9. Read up on fishing regulations. Information on dipnetting in the Kenai is available here.
  10. Bring only what you need to the beach. We had a lot of extra stuff the first day that we didn’t use at all and then had to lug up the hill at the end of the day. On the second day we only brought the essentials and that was much nicer.
  11. Don’t forget to drink water. I felt pretty dehydrated during the trip because I wasn’t willing to leave my fishing spot to go grab a drink of water. For other die hards you might want to invest in a camelback that you can wear with you while you’re fishing so you never have to leave the water. Now I just got to find a solution to having to using the bathroom…
  12. Behead, clip and gut fish on the beach. ADFG requires that all fish caught while dipnetting must have the corners of the tail fin clipped before the fish is put out of sight (i.e. into your cooler). With each fish you catch you should clip the fins and the gills (to kill the fish faster and bleed it out, make sure to cut all the way to the white part of the gills). It helps tremendously for later if you behead and gut the fish then too (you’ll be too tired to want to do it at the end of the day). Since we had more people in the group than we had waders or nets we always had 1 or 2 people ashore to do this pre-filet cleaning which allowed people to have their nets in the water for longer.

    ADFG requires you clip the tail fins of salmon caught while dipnetting as shown.
  13. There’s no such thing as too much cooler space. We filled five coolers on our trip, with just 50 fish. If each of us had limited out we would have needed more cooler space than we had.
  14. Be considerate of those around you. Don’t be loud, disrespectful or take up more space than you need, and be sure to clean up your space when your leave. Everyone is just trying to fill their freezers and not have to spend a bunch of money on food. Stagger nets if you have to when people get close. Just remember every Alaskan resident has just as much a claim to having their net in the water as you do and the fish are swimming sporadically anyways so chances are someone having their net in front of you isn’t going to decrease your chances of catching fish.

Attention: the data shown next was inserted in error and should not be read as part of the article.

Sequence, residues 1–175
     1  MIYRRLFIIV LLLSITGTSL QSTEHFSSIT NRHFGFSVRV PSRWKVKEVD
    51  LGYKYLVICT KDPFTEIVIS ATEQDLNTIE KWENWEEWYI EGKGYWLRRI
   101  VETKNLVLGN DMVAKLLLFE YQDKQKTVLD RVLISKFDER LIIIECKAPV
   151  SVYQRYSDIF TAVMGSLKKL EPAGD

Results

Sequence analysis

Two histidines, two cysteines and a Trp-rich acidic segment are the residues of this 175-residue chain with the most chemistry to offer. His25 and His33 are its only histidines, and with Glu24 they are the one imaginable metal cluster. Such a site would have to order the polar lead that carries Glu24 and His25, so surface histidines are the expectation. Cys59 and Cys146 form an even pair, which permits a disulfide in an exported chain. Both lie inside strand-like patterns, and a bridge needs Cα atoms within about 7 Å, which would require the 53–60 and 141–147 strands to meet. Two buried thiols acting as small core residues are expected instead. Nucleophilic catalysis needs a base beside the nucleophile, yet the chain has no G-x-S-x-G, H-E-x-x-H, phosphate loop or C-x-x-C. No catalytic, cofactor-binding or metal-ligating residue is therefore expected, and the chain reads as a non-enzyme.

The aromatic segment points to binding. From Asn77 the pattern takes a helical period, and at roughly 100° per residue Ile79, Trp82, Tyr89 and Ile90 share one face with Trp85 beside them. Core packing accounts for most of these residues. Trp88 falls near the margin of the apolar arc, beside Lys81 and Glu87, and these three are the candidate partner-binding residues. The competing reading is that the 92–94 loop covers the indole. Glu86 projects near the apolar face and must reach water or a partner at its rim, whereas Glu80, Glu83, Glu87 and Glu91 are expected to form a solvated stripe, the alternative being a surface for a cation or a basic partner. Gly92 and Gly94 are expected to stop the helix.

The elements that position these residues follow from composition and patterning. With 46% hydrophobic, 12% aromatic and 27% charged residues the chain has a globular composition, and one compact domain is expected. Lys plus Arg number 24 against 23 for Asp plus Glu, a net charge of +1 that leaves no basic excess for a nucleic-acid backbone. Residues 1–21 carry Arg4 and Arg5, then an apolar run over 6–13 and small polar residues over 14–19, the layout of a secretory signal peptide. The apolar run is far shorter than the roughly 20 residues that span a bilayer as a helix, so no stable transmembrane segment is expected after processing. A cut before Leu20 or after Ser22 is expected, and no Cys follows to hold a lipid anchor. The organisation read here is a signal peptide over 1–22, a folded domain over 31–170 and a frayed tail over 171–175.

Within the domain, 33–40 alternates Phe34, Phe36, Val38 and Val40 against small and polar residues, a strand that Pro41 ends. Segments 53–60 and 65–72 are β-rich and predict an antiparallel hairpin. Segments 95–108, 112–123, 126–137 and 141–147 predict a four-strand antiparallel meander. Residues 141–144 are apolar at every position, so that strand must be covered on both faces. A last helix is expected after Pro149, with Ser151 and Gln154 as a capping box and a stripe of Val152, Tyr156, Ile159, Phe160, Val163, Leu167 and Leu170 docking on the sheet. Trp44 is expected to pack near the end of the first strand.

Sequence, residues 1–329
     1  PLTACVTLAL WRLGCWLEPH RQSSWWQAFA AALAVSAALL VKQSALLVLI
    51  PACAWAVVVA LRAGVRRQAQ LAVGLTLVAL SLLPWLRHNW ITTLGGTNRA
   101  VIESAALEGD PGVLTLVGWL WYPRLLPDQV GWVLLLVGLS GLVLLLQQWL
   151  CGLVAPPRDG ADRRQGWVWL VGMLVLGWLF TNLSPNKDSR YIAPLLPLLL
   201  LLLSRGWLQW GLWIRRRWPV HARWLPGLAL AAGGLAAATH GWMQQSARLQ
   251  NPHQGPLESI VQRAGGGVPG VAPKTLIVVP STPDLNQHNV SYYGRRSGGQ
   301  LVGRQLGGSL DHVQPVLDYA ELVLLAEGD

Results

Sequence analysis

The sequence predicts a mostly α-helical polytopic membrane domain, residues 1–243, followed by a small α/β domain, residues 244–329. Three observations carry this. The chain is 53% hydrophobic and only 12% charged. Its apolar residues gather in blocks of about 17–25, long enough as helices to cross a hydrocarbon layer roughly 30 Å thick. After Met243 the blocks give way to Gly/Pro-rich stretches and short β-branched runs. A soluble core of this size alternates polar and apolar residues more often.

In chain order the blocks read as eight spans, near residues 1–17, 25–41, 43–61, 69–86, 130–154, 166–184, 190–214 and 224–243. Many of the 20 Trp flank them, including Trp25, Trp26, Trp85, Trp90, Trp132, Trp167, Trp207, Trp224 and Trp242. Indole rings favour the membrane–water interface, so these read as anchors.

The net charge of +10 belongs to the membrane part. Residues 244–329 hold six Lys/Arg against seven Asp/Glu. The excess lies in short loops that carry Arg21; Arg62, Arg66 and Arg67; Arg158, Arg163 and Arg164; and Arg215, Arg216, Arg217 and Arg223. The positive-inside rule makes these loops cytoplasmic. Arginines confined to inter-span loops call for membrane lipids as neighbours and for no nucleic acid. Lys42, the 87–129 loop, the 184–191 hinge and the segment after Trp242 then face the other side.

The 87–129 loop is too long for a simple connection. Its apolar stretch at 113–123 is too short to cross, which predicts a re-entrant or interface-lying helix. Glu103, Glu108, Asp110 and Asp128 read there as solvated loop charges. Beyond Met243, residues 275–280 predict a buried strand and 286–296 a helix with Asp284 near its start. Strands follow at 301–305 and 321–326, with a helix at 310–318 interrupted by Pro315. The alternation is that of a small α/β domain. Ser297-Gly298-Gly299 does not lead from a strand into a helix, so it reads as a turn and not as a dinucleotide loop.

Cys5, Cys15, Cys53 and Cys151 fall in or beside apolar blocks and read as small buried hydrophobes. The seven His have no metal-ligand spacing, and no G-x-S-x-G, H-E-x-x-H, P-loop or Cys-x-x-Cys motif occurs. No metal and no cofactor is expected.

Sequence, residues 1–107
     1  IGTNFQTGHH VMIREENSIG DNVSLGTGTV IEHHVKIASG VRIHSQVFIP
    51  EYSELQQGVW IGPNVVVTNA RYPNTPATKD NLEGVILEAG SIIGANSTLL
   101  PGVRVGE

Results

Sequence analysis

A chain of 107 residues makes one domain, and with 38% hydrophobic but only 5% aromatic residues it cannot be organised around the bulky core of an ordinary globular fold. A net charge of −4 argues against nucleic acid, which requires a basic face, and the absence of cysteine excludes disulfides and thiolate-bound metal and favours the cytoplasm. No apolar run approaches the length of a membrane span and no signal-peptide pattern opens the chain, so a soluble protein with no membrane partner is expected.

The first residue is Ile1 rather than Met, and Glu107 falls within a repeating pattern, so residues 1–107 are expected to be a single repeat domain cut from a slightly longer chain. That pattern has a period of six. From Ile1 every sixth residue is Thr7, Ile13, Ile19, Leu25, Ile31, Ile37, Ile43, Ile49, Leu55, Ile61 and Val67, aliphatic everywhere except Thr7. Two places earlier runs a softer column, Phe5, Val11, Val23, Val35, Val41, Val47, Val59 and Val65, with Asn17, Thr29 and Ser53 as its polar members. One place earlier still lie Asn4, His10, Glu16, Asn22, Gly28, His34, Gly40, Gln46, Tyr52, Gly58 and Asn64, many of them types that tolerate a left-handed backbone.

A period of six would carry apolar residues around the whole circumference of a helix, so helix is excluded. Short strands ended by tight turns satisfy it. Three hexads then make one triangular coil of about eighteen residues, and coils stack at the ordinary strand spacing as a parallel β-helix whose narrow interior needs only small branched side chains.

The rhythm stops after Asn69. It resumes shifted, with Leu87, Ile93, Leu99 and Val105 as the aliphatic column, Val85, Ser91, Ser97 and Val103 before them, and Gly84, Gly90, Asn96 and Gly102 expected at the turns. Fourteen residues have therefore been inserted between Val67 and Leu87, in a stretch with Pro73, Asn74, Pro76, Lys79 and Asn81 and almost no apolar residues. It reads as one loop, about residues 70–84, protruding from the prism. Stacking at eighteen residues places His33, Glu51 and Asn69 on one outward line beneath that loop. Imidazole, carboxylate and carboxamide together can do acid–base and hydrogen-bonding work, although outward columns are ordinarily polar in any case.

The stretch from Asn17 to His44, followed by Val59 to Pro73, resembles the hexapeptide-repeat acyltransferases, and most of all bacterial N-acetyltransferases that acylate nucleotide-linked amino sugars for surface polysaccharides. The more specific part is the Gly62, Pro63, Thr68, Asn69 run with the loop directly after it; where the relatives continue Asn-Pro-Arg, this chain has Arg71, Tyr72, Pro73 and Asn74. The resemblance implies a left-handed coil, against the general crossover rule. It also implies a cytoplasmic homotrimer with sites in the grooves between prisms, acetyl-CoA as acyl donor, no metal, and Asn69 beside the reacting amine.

15. Must have items for dipnetting:
  • fishing license
  • dipnetting permit card
  • dipnet
  • waders
  • sunscreen
  • hat
  • sunglasses
  • gloves
  • fish bonker (a rock will do if you forget)
  • filet knife
  • filet knife sharpener
  • scissors or gardening shears (for clipping gills and fins)
  • five gallon bucket or two (for bleeding out fish after you cut their gills and for cleaning them off)
  • coolers
  • ice
  • ready to eat food
  • water
  • a set of dry clothes and shoes to put on when you take off your waders

If you have any other suggestions or questions about dipnetting on the Kenai (I’m by no means an expert, it was only my first time after all) feel free to comment.

Adventures are us

By Ashleigh Roe

It’s been just over a day since I have landed on this island. Left to our own devices, Mother and I went for a walk along the beach. One of her associate trailblazers, dog entailed, joined us on the trail. The hunting began right away- the treasure has been easy to find so far. Unfortunately, the dog has also found his prey. Spitting and hissing, a sea otter backs into the rocks.

To our great chagrin, we were forced to evacuate the beach- too many intruders invading our turf. Alas, in one final effort to loot the waterfront we excavated what seems to be a radiator and piling post. A passing gent was kind enough to aid the transportation of our treasure onto the trail. The haul out was long and arduous, taking a toll on our muscular and respiratory systems. Finally, our journey had come to the end. Mother and I loaded the cargo into the back of the caravan with help from Sharon. At last we set forth to the homestead for a short refresher (and wash). From there we attempted to place an order at the local sandwich shop- they are grievously closed for a short season. Instead, we made the lengthy trip to town to dine in the local Greek eatery.

More to come. This is adventurer A.D.Roe signing out.

The loot. Photo by Ashleigh Roe.
The loot. Photo by Ashleigh Roe.

Sea glass on Upper Boyscout Beach. Photo by Ashleigh Roe.
Sea glass on Upper Boy Scout Beach. Photo by Ashleigh Roe.

Photo by Ashleigh Roe.
Upper Boy Scout Beach. Photo by Ashleigh Roe.

Photo by Ashleigh Roe.
Upper Boy Scout Beach in Kodiak, Alaska. Photo by Ashleigh Roe.

Photo by Ashleigh Roe.
Exposed tide pool on Upper Boy Scout Beach. Photo by Ashleigh Roe.

Photo by Ashleigh Roe.
Sand spit up by a clam. Photo by Ashleigh Roe.

Photo by Ashleigh Roe.
Upper Boy Scout Beach. Photo by Ashleigh Roe.

Photo by Ashleigh Roe.
Upper Boy Scout Beach. Photo by Ashleigh Roe.

Upper Boyscout Beach treasures. Photo by Ashleigh Roe.
Upper Boy Scout Beach treasures. Photo by Ashleigh Roe.